When I made my pilgrimage to Eataly — Mario Batali’s grand epicerie of all things Italian in lower Manhattan — in November, I tried to be on the lookout for items that I had never seen before or that I suspected would be hard to find in a more conventional store. When I spied toasted fregola, a kind of pasta that looked like Israeli couscous but slightly darker, on the shelves of grains and dry pasta, I knew that I had found the kind of thing I wanted. I had never heard of toasted fregola. In fact, I had no idea what it was or how to cook it. Well, that’s not quite true, is it? The small bag of toasted fregola was not totally foreign and scary, like an spiny puce-colored tropical fruit would be. It was clearly a kind of pasta. I was presumably going to cook it in some kind of boiling liquid. But it was a new and unconventional variety of a familiar ingredient — exactly the kind of thing I wanted to bring home.
When I returned home, I researched toasted fregola and learned that it was a kind of small round pasta from Sardinia, made of semolina flour. The small pieces are toasted after they are made, which truly gives them a rich, nutty flavor. You can see quite plainly that the grains are different shades from tan to quite brown, almost burnt. Eating toasted fregola is unlike eating couscous or even pasta because of the extra level of flavor that the toasting imparts. My husband and I kept remarking on it as we ate the hearty vegetarian dish that I created to use my one precious bag of toasted fregola. The complex flavor was similar to eating a whole grain like farro or barley but with a smoother texture like pasta.
I loved what I had made with the toasted fregola so much that I immediately went on the Internet to find out how to buy more. I was shocked to find that a one-pound bag of toasted fregola will set your back anywhere from $5 to $9 on Amazon and that doesn’t even include the shipping. At this point, you may be thinking: “Well Emily, how much was the bag your bought at Eataly?” Reader, I don’t remember, okay? I wasn’t exactly paying attention to the prices of things at Eataly. That may explain why none of the New Yorkers I talk to actually shop at Eataly. The toasted fregola there could easily have been $5 or more. Heck, I’d pay $5 now. I just don’t want to pay $5 plus $8 shipping for one bag of tiny pasta.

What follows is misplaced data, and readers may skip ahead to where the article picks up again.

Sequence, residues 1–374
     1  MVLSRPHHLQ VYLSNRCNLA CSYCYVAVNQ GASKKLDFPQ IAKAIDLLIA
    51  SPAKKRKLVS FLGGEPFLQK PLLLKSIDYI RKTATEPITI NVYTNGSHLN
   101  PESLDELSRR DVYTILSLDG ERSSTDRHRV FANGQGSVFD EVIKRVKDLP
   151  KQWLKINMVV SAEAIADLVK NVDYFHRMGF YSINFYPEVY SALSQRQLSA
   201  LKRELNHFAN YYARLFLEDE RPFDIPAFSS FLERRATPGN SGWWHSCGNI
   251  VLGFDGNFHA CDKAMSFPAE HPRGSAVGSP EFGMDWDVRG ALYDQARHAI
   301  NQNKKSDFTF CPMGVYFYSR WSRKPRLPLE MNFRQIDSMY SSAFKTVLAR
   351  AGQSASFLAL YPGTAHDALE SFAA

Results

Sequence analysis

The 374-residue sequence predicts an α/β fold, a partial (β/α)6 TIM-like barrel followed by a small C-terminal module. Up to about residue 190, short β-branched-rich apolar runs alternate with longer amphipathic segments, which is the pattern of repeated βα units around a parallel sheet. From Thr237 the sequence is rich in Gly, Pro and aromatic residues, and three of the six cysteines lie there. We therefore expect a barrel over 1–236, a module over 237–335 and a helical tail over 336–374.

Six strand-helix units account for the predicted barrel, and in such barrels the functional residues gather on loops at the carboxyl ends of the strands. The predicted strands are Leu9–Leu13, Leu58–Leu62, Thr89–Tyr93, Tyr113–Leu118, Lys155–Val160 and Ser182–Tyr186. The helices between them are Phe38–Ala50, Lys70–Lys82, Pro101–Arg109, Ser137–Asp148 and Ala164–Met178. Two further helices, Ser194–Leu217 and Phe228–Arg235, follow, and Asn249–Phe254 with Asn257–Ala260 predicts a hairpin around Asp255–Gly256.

Anyway, the high shipping cost of toasted fregola has only strengthened my resolve to find a good Italian market in Chicago. Someone in a twenty-mile radius of here has toasted fregola and I will find it. Oh yes, I will find it. And when I do, I’m buying more than one bag.
You can absolutely substitute pearl or Israeli couscous for the toasted fregola in this recipe, as I may have to soon, but it won’t be the same. It will be fine, but it won’t wow you. The toasted fregola, on the other hand, will. So, if you want to hold out until you can find toasted fregola where you live, I respect that.
Toasted Fregola with Zucchini, Peppers and Tomatoes
3 TB extra virgin olive oil
1 yellow onion, chopped
2 cloves garlic, minced
1 red pepper, diced
2 small zucchini, diced
1 28 oz. can whole tomatoes
1 lb. toasted fregola
4 cups chicken or vegetable broth or water
Fresh parsley or basil or dried herbs such as basil, oregano or herbes de Provence
Grated Parmesan (optional)
Heat the oven in a large, heavy-bottomed pot or Dutch oven. Add the onion and garlic and saute over low heat until translucent. Add the red pepper and continue to saute until the red pepper is tender. Add the zucchini and saute for a few additional minutes. Season vegetables well with salt and pepper and dried herbs, if you are using them. When the vegetables are sufficiently tender, add the can of tomatoes with their juice, crushing the tomatoes with your hands or the back of a spoon. Stir to combine. Bring the sauce to a boil, then turn down the heat and simmer until the sauce begins to thicken, approximately ten minutes. Add the 4 cups liquid and bring to a boil. Once the sauce is boiling, add the fregola. Reduce the heat and simmer the mixture until the fregola is cooked through but still al dente, about fifteen to twenty minutes. Garnish with chopped fresh herbs and/or grated Parmesan. Enjoy (because you may not know where your next bag of toasted fregola is coming from)!